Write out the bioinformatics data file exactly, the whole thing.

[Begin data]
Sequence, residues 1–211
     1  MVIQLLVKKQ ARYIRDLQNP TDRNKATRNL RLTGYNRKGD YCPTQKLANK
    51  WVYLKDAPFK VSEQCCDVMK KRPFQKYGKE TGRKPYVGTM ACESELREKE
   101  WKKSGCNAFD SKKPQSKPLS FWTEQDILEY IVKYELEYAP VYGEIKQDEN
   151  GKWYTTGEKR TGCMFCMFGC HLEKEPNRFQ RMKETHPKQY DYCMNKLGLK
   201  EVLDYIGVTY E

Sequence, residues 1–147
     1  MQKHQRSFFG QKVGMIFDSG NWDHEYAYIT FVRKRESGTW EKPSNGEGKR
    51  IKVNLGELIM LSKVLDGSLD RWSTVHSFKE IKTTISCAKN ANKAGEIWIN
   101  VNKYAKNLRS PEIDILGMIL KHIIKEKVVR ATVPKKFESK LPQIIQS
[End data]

Sequence, residues 1–211
     1  MVIQLLVKKQ ARYIRDLQNP TDRNKATRNL RLTGYNRKGD YCPTQKLANK
    51  WVYLKDAPFK VSEQCCDVMK KRPFQKYGKE TGRKPYVGTM ACESELREKE
   101  WKKSGCNAFD SKKPQSKPLS FWTEQDILEY IVKYELEYAP VYGEIKQDEN
   151  GKWYTTGEKR TGCMFCMFGC HLEKEPNRFQ RMKETHPKQY DYCMNKLGLK
   201  EVLDYIGVTY E

Sequence, residues 1–147
     1  MQKHQRSFFG QKVGMIFDSG NWDHEYAYIT FVRKRESGTW EKPSNGEGKR
    51  IKVNLGELIM LSKVLDGSLD RWSTVHSFKE IKTTISCAKN ANKAGEIWIN
   101  VNKYAKNLRS PEIDILGMIL KHIIKEKVVR ATVPKKFESK LPQIIQS